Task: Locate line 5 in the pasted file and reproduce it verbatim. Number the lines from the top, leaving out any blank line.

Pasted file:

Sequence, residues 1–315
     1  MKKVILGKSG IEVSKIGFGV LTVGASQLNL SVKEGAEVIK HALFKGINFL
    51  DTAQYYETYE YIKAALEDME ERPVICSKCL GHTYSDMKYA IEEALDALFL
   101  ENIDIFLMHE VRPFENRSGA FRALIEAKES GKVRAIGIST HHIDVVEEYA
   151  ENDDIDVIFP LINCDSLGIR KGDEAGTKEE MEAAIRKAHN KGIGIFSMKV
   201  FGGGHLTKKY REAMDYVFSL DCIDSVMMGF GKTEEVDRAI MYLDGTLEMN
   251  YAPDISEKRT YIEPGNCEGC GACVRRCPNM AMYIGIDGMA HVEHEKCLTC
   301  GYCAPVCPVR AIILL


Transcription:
   151  ENDDIDVIFP LINCDSLGIR KGDEAGTKEE MEAAIRKAHN KGIGIFSMKV